Monday, June 26, 2006

Book Review: Brave New World

Brave New World by Aldous Huxley

I finally finished the first of four books that I need to read by July 10 for my Barnes and Noble reading group. I don't normally read so slow, but children tend to put a huge dent in one's free reading time (for the better, normally!).

Huxley creates a futuristic world where technology has taken the place of the natural in terms of reproduction. Babies are no longer born to parents (in fact the terms "mother" and "father" are taboo and embarassing). Babies are created by "artificial" means, women give an ovary out of a sense of social responsibility- and for a big paycheck. The actual reproduction process is generally recreated quite well, the fetuses live in a simulated womb.

There is a caste system and the classes are separated by letters of the Greek alphabet: Alpha, Beta, Gamma, Delta, and Epsilon. The fetuses are conditioned according to which class they are predestined to become. Each class is happy because they have been given the physical and mental capacity only to fufill which role has been predestined to them. For example, the lower classes have been genetically engineered from eggs which have been split up to 96 times, producing up to 96 twins. The Alphas and Betas, however, are always of one egg and one sperm and are never twins. Another example of the "genetic engineering" that allows the lower classes to be perfectly happy in their lives is the injection of alcohol into their "blood surrogate" when they are fetuses to stunt their growth, physically and mentally. All diseases are wiped out through fetal injections as well.

After they are born (decanted), they are further conditioned while they are sleeping ("I'm so glad I'm a Beta... I love buying new clothes...") to be happy in their station, to be promiscuous, to take the civilized world's "happy drug", soma, and to encourage economic prosperity. This reminded me a great deal of Ayn Rand's Anthem, it's a world where no one thinks for themselves, it's all predestined, and the motto is "community, identity, stability."

The year is given as "A.F. 632." While it is never spelled out, I deduced that "A.F." stands for "After Ford." Henry Ford is their god- not like God or Jesus (they worship no such god), but as the best person who has ever lived. The people reproduce the letter "T" as the symbol of this "religion," in their jewelery (like crosses around the neck), in midair (forming a letter "T" instead of a cross), all as tribute to the Model T.

Throughout the world, in areas where the "civilized" men have determined the area to be inefficient to inhabitate, there are "savage reservations." These are places that are separated and fenced in where people live like they used to. It's when an Indian reservation is visited and a woman who was stranded and left there from the civilized world and her (gasp) son are found and brought back to civilization that the majority of the plot unfolds and we see what happens when an individual (the son, his mother dies) is brought into this type of world.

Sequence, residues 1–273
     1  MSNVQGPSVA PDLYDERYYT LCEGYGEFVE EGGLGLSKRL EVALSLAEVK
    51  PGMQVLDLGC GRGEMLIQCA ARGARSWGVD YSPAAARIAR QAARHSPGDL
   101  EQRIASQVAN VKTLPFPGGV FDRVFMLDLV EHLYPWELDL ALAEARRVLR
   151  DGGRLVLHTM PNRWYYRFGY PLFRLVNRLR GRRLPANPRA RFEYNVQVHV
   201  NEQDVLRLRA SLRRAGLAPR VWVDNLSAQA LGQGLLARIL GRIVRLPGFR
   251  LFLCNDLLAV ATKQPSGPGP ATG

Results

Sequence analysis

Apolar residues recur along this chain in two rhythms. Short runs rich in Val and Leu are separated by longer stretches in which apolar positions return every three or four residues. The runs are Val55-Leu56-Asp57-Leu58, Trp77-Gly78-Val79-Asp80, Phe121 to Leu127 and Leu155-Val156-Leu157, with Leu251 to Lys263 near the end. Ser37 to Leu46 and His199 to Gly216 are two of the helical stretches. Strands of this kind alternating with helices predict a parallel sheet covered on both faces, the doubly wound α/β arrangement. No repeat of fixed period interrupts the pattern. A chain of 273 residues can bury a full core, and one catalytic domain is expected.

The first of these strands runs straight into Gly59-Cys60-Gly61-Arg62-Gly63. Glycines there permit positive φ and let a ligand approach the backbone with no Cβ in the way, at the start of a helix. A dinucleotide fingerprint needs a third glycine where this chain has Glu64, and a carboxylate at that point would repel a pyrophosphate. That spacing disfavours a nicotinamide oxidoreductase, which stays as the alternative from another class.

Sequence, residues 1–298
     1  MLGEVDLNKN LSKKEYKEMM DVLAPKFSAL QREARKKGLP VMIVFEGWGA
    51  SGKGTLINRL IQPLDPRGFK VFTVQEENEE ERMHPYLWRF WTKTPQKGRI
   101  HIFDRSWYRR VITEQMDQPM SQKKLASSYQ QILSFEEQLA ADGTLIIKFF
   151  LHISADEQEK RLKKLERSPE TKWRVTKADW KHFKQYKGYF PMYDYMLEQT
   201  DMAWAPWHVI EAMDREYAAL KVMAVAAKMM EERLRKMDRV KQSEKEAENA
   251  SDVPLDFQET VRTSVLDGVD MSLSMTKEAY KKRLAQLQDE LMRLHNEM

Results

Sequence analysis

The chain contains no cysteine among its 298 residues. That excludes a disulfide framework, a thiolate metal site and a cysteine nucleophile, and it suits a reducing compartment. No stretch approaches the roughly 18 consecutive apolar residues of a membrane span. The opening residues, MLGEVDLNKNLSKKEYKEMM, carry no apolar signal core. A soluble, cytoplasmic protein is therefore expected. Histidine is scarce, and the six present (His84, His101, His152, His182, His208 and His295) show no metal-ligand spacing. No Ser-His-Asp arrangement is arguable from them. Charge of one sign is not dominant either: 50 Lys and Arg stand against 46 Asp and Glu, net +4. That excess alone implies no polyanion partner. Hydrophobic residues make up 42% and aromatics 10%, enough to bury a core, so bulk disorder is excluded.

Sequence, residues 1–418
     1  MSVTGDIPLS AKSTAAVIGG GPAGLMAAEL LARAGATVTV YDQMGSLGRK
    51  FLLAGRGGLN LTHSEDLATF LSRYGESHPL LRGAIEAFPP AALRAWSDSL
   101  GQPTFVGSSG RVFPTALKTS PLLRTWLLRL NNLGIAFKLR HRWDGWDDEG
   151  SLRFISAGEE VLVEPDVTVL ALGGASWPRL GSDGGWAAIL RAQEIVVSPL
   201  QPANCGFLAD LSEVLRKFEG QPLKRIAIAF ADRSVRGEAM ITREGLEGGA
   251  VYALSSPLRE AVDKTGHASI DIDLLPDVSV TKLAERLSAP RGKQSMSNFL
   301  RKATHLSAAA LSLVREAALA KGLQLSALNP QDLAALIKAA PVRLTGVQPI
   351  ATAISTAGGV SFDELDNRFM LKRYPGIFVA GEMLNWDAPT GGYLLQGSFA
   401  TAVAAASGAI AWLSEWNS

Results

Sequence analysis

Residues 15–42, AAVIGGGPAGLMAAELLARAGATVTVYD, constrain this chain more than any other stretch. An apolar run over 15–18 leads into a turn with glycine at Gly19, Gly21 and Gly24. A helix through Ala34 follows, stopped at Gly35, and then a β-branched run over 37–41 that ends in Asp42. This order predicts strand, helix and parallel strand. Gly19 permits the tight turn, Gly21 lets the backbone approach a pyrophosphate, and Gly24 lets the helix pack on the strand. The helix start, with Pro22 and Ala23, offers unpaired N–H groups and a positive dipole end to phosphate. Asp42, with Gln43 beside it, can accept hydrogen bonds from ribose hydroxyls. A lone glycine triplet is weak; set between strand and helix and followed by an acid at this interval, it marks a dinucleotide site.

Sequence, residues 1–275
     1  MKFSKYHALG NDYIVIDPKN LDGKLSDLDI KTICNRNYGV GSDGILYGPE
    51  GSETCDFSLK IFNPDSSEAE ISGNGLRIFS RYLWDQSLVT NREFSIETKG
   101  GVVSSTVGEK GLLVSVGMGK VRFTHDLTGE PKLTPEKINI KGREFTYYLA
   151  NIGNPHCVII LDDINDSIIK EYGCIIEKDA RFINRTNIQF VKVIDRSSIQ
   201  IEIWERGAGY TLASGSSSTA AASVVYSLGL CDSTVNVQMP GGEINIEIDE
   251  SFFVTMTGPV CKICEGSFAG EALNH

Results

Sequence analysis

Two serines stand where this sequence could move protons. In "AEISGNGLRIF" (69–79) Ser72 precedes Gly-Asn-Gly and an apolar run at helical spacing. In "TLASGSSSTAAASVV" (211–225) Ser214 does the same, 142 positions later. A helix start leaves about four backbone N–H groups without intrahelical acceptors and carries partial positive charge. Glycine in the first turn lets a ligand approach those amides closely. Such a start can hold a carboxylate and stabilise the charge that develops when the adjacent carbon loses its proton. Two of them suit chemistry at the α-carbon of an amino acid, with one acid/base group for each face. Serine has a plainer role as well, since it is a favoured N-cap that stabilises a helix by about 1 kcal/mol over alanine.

I enjoyed this book a great deal. The prose was excellent. I would give it a high recommendation as it passed my two main criteria: it wasn't a waste of my time and it provided brain candy.

Now, I will be re-reading To Kill a Mockingbird and hope to have it done by Wednesday.

NOTE: Once upon a time, when doing a research paper, I stumbled across The Modern Library's 100 Best Novels list. This list was compiled in 1998 and consists of what the board of The Modern Library considers the 100 best novels as well as what readers consider to be the 100 best novels.

The Modern Library is a subsidiary of Random House Publishings and the methods used for compiling this list as well as the motives for it are highly questionable. However, there are some pretty great works on the list, so when I found it, I decided to print it and highlight what I read or have read as I go. Then, if I'm at a loss for a book to read, I'll read something from the list.
That said (and I may refer to this in the future, but will never explain all of this again!) Brave New World is number 5 on the board's list and number 18 on the reader's list.

As an aside, it is interesting to note that Ayn Rand's Atlas Shrugged and The Fountainhead occupy the top 2 spots on the reader's list, but are nowhere to be found on the board's list.

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